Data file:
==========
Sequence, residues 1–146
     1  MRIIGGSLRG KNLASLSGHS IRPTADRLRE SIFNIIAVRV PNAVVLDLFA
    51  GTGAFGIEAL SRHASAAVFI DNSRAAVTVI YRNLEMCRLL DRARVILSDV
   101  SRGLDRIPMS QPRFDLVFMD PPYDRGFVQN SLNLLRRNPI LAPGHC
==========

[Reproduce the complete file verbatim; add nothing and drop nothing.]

Sequence, residues 1–146
     1  MRIIGGSLRG KNLASLSGHS IRPTADRLRE SIFNIIAVRV PNAVVLDLFA
    51  GTGAFGIEAL SRHASAAVFI DNSRAAVTVI YRNLEMCRLL DRARVILSDV
   101  SRGLDRIPMS QPRFDLVFMD PPYDRGFVQN SLNLLRRNPI LAPGHC